Gerlinde’s Cold German Potato Salad
(Makes 10-12 servings)
1. “I’m sorry to say that I don’t have a recipe for the potato salad that I usually make. But…what you can do is just peel some potatoes, boil them, and cut them into slices. Usually potatoes that are firm and not floury are the best for the salad.” We peeled a dozen medium-sized potatoes. Gerlinde says the salad is best if the potatoes are boiled whole (not sliced) and then cut later. This keeps them a little firmer. The potatoes are done when a fork can be inserted, but don’t overcook them, as you don’t want the potatoes to get mushy or fall apart too much. I’d say bring the pot of water to a full, rolling boil before adding the potatoes, and then boil them for about 20-25 minutes. Drain off the water and let them cool enough to handle them, but cut them into slices while they’re still warm.2. Boil some water (about 1.25 cups) and add some chicken or beef broth (or vegetable broth – whatever you have) to the water. (Probably no more than 2 cups fluid altogether. If you use 2 bouillon cubes, then 2 cups water, but if you use broth, then reduce accordingly.)
3. Add about 4 tablespoons of oil and 4 tablespoons of vinegar to the broth. (“Here again it  depends on the amount of the potatoes you have. Basic rule is that I use the same amount of vinegar and oil; last time with the amount of potatoes at your house I might have used 1/2 cup of oil and vinegar.”) Add salt and pepper into the broth to taste.
3. Cut an onion into small, fine chunks and add to the potatoes. If you have it you can add fresh chives chopped finely too. Or you can use spring onions (green onions) instead of the regular onions. 4. “Pour the hot broth (that is now mixed with vinegar and oil and salt and pepper) over the potatoes, mix well, add more salt or pepper if needed and let stand in the fridge… before you serve the salad taste again and add salt and pepper according to your gusto..I usually have to add salt at this point. Also, if the potato salad seems as if it has too much liquid from the broth you added, don’t worry. The potatoes will all soak it up. That’s why you leave it in the fridge for some time.”I’m not a big fan of potatoes, but Gerlinde’s potato salad is so good it’s almost addictive. It’s hard for us to resist eating it while it’s still warm, and it’s hard to wait long enough to let it soak up all the liquid, but it’s really worth the wait, and I’d say that—if possible—it’s even more delicious the next day!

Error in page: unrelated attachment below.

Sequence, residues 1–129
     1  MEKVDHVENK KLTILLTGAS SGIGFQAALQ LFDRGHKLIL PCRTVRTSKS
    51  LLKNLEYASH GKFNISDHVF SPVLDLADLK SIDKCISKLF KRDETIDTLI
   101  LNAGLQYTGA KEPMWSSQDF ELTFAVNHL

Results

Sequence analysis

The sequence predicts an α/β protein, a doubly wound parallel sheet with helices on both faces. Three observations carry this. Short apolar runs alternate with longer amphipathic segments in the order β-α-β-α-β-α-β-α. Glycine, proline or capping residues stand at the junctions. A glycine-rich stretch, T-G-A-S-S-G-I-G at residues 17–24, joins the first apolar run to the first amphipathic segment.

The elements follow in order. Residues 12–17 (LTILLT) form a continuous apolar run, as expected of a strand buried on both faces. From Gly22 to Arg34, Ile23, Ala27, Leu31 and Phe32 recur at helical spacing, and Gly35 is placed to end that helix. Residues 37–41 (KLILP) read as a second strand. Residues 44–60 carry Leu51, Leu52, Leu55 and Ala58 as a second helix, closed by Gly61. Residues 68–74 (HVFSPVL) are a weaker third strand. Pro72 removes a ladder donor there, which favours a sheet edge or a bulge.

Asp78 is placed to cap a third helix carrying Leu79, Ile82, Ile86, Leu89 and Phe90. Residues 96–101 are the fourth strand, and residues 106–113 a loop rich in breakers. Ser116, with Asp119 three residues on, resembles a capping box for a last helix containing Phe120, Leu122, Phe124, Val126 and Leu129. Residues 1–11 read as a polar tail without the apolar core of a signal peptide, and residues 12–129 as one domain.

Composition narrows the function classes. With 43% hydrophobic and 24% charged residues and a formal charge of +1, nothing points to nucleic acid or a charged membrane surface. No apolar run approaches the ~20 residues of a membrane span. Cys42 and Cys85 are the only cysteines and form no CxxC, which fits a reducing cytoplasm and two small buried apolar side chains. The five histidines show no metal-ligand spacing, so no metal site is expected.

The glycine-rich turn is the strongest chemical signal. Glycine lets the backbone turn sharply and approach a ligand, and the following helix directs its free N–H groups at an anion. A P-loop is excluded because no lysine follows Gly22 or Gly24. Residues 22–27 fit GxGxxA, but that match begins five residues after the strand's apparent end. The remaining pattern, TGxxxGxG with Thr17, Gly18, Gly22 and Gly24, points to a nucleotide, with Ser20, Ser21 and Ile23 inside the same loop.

Blessed be the God and Father of our Lord Jesus Christ, who hath blessed us with all spiritual blessings in heavenly places in Christ” (Ephesians 1:3…as well as many blessings here on earth, such as nourishing, delicious food).

Whom Would You Nominate As The Greatest Showman on Earth?

Did you ever attend a circus when you were young (or older)?  If so, and you’re looking for a light-hearted, highly rated (IMDb 7.7), family friendly (PG) musical this summer, you might enjoy The Greatest Showman, starring Hugh Jackman and based (quite loosely) on the life of P.T. Barnum. Can you remember what you first wished to become when you were little?